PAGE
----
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Published 12:52 PM, 20 Aug 2012 Last update 3:21 PM, 20 Aug 2012

AAP

Former treasury boss Ken Henry has told business the Australian dollar is likely to remain high for the foreseeable future.

Dr Henry told the Australian Industry Group forum in Canberra it would not be prudent to bank on an early sizeable depreciation in the exchange rate.

“There is no silver bullet that is going to rapidly devalue the dollar and make things easier for Australian businesses in the immediate future,” he said.

Many trade-exposed businesses have suffered under the strong currency, which has been lifted by strong demand for the nation’s commodities and economic troubles in the US.

However, Dr Henry said Australia’s economic policy framework – which includes a floating exchange rate, the independent setting of monetary policy and competition policy – had served the nation well.

“These things have helped to protect Australia from the impact of several economic shocks emanating from overseas,” he said.

“It is important that we will build on them and resist the temptation to dismantle parts of the framework, even though we may perceive from that dismantling a short term advantage.”

He also said local businesses must start acting like regional entities, by becoming part of regional supply chains, partnering with similar or complimentary foreign firms or moving parts of their operations to Asia.

Dr Henry conceded that moving components to Asia was not easy because such plans often attracted criticism from unions and local communities.

But he pointed to the example of Australian bootmaker Blundstone, which prospered from moving part of its business offshore despite being criticised.

“It is clear today that if Blundstone had not shifted elements of its manufacturing to Asia five years ago, it would have gone out of business completely,” he said.

Separately, Mr Henry also said his soon to be released Asia white paper will be a strategic plan for the decades ahead, not a shopping list of spending proposals.

Tax debate could improve

The debate about Australia’s tax system needs to be a “hell of a lot better”, Dr Henry believes.

He told the business forum that if governments don’t lead change, change will be forced upon.

“You want to avoid putting yourself on a burning platform,” he said.

“In order to get to the place that we need to get to, we are going to need a hell of a lot better debate.”

Dr Henry agreed with current Treasury Secretary Martin Parkinson, who in a speech last week warned governments may have trouble meeting demands for spending from the existing tax base.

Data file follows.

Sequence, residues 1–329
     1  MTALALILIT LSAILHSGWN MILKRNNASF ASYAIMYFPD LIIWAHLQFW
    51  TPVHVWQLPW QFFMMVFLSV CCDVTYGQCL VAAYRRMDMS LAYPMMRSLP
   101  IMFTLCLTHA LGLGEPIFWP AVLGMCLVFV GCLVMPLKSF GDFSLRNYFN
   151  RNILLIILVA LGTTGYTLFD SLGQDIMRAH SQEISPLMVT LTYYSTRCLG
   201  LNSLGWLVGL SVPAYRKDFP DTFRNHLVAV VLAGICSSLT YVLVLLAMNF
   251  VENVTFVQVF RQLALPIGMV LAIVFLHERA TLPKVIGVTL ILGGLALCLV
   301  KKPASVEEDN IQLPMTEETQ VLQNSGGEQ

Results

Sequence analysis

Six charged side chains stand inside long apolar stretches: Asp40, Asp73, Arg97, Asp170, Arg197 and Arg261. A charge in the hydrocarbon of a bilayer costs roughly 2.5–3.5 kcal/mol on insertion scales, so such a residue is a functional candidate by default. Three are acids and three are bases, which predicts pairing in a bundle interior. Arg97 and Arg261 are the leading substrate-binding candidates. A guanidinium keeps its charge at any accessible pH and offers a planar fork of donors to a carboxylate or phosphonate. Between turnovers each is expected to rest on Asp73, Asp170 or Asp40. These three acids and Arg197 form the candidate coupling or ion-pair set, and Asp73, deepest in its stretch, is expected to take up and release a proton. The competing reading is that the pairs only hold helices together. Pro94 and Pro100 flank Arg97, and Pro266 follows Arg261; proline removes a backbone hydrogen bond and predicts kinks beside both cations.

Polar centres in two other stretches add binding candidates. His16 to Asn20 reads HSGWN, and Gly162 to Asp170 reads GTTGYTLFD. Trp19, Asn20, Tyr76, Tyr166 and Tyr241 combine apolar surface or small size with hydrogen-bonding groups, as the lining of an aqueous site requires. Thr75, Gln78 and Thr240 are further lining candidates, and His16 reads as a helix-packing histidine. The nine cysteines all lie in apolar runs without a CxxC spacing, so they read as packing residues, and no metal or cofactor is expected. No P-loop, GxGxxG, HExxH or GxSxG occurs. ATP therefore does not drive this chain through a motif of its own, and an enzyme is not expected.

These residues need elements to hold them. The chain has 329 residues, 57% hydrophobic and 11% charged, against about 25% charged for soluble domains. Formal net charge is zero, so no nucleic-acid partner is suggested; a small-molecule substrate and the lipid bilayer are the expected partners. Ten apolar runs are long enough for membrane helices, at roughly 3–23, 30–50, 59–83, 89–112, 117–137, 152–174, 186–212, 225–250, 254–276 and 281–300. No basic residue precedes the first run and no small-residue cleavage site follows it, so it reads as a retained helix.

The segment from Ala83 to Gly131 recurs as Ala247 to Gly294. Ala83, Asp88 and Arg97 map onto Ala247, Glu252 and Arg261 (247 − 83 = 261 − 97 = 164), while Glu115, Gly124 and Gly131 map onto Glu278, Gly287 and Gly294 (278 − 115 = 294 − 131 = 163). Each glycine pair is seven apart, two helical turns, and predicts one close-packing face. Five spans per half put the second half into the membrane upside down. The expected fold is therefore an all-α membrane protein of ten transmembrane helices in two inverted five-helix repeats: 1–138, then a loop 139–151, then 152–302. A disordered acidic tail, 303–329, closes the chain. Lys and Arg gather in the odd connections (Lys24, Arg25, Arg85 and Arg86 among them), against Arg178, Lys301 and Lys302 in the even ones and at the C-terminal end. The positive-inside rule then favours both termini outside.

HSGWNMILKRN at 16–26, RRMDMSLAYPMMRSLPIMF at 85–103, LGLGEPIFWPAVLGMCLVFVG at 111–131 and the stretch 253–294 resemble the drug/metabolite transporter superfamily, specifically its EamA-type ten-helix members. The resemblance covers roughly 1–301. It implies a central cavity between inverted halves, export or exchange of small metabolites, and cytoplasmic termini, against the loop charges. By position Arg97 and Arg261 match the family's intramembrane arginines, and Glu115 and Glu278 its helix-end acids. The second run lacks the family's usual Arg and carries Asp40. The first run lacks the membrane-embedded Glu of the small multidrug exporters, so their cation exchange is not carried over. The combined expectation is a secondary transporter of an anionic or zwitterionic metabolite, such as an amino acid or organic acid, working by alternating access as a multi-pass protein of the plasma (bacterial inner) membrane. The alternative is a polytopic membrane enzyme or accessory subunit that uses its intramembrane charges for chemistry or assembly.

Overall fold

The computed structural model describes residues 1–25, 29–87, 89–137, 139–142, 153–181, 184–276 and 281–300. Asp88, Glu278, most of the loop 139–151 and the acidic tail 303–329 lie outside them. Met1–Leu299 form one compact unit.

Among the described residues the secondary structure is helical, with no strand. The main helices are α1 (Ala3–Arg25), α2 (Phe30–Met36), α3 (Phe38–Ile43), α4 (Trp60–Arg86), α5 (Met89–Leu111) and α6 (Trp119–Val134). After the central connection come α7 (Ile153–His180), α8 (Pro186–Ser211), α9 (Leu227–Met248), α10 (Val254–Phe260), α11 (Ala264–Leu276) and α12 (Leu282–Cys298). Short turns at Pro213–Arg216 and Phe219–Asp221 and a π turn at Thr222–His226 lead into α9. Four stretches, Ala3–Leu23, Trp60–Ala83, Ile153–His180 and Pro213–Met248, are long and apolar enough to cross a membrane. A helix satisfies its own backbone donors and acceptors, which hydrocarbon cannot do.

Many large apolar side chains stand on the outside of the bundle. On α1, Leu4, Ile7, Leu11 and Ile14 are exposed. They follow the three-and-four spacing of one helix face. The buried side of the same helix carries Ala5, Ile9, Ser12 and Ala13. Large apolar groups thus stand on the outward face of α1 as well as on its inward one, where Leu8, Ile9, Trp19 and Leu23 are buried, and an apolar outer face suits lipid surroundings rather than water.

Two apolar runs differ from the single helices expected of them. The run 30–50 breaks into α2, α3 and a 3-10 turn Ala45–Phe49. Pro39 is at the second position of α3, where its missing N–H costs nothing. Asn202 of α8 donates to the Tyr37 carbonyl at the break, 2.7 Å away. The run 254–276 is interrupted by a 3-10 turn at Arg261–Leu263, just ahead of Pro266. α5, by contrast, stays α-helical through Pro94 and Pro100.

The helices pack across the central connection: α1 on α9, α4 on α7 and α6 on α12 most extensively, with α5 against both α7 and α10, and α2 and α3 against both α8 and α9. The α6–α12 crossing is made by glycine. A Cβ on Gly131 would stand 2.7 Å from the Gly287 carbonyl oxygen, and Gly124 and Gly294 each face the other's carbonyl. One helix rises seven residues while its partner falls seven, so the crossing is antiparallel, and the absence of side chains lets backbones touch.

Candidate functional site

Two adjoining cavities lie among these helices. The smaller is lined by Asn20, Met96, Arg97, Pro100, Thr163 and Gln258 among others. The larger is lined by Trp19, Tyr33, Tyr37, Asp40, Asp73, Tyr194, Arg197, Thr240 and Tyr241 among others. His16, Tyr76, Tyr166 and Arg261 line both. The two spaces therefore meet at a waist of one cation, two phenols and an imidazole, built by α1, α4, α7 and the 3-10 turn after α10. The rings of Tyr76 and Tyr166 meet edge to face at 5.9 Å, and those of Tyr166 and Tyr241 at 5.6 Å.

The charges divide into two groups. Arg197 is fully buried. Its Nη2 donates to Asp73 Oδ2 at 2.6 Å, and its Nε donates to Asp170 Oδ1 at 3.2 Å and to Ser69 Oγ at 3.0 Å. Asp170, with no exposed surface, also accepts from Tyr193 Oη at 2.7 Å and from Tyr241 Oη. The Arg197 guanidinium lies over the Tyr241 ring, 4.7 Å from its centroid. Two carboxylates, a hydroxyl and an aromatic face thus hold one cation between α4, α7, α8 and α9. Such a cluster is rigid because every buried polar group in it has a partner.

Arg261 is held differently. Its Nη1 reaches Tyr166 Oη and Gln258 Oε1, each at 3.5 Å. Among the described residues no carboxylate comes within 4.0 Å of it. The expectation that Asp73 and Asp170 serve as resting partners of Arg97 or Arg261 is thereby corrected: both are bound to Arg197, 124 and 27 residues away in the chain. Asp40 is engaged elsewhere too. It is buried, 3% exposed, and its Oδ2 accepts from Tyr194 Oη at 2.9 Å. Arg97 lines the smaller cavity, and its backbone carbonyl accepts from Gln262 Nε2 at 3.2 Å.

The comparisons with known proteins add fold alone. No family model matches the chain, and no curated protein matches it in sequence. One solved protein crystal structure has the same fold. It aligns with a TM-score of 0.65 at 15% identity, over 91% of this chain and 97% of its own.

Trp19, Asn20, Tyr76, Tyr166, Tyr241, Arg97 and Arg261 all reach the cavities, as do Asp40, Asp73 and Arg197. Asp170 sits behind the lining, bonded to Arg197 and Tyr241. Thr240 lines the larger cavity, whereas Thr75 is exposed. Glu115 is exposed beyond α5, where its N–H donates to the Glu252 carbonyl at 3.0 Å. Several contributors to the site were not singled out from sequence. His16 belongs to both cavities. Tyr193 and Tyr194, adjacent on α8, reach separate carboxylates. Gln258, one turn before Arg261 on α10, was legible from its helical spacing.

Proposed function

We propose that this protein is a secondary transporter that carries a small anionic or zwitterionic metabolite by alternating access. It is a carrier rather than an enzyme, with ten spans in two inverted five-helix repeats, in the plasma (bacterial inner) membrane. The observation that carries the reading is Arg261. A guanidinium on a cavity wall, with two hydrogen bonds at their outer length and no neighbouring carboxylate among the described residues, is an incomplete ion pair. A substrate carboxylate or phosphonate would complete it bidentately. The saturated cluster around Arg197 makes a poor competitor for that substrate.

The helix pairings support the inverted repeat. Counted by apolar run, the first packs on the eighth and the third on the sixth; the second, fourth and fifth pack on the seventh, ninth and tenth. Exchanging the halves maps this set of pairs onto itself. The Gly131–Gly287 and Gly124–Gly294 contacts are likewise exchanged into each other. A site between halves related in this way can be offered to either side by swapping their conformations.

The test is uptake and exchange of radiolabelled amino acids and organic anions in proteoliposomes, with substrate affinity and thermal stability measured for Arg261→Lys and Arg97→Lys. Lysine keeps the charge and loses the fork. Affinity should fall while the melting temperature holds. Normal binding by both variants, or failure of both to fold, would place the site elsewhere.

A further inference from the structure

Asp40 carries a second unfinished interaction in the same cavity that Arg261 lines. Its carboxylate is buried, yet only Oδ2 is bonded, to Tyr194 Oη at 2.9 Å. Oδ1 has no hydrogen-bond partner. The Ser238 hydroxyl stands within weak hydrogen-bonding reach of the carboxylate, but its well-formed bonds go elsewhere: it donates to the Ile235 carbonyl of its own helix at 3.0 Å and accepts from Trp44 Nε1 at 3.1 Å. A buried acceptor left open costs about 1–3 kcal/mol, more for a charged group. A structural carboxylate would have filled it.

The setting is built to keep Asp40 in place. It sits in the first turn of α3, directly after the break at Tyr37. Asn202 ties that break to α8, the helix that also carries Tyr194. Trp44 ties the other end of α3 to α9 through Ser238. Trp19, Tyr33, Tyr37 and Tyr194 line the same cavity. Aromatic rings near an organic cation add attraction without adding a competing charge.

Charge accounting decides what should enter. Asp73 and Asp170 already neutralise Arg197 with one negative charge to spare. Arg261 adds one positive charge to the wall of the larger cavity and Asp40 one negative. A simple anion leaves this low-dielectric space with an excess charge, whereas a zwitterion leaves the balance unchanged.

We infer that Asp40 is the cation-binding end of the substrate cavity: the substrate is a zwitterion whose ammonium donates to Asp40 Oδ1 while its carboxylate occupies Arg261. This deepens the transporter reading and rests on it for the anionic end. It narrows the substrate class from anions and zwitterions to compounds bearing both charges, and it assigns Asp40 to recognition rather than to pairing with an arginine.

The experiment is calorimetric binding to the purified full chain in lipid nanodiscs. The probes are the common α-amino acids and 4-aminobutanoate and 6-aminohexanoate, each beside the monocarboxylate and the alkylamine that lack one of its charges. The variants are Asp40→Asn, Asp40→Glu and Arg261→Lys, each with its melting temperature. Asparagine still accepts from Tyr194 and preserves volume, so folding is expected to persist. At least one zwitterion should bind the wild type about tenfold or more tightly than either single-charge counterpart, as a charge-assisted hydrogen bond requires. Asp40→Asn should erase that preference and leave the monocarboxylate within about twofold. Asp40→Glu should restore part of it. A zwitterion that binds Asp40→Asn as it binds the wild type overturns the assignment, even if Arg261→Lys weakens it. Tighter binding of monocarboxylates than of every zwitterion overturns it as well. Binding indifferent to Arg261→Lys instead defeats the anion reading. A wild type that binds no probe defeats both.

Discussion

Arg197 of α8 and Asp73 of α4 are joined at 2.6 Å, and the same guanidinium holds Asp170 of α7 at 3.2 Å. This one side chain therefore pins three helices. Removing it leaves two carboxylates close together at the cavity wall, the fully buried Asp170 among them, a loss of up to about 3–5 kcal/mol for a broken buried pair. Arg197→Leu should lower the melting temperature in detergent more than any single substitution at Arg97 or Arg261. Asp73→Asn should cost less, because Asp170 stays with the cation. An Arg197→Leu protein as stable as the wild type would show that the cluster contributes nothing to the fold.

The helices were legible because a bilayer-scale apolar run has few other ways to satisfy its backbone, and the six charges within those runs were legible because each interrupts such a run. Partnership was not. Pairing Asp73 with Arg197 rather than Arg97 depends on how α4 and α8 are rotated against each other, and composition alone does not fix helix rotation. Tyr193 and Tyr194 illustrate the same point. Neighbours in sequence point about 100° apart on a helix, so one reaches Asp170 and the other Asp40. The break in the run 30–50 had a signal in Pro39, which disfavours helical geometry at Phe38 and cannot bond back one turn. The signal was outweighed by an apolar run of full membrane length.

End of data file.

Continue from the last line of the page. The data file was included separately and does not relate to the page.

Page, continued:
Dr Henry said commonwealth tax revenue, as a ratio to gross domestic product, would not return to where it was before the global financial crisis – at least not under the present system.

He said state revenues were in a much worse position, describing it as “fragile”.

“At the moment, it looks okay for the resource rich states, and for the others it looks desperately bad,” Dr Henry said.

“But even for the resource rich states, at some stage the royalties will deliver less revenue than they have been delivering. They are going to front a grimmer fiscal reality as well.”

http://www.businessspectator.com.au/bs.nsf/Article/Dont-bank-on-early-A-fall-says-Henry-XC56Z?OpenDocument&src=pm&utm_source=exact&utm_medium=email&utm_content=92636&utm_campaign=pm&modapt=news

From: AAP January 10, 2010 4:41AM

Car production in Australia has plunged to its lowest level since 1957.

CAR production in Australia has plunged to its lowest level since 1957, with manufacturers hit by the global economic slump and the high Australian dollar.

Despite strong local car sales, helped by the federal government’s business tax breaks, exports to markets such as the Middle East and the United States have all but collapsed, Fairfax newspapers say.

The industry is set to be further buffeted by a January 1 tariff cut that has lowered the price of imported models relative to locally produced cars.

Figures from the Federal Chamber of Automotive Industries show Australia produced just 225,713 vehicles last year, almost 100,000 fewer than in 2008 and 55 per cent of the output in 2004.

The chamber’s chief executive, Andrew McKellar, told Fairfax a “crucial factor” this year will be the speed of recovery in export markets, warning that the high dollar poses a serious long-term threat to the competitiveness of the industry.

Separate figures from the Bureau of Statistics confirmed the dramatic collapse in exports.

The export slump will leave Australia’s car industry even more heavily dependent on taxpayer-funded assistance, which is mainly provided through the Government’s $6.2 billion car industry plan.

Industry Minister Kim Carr said production had been running at half its usual pace, although local producers had fared better than elsewhere in the world, given no major companies had gone broke.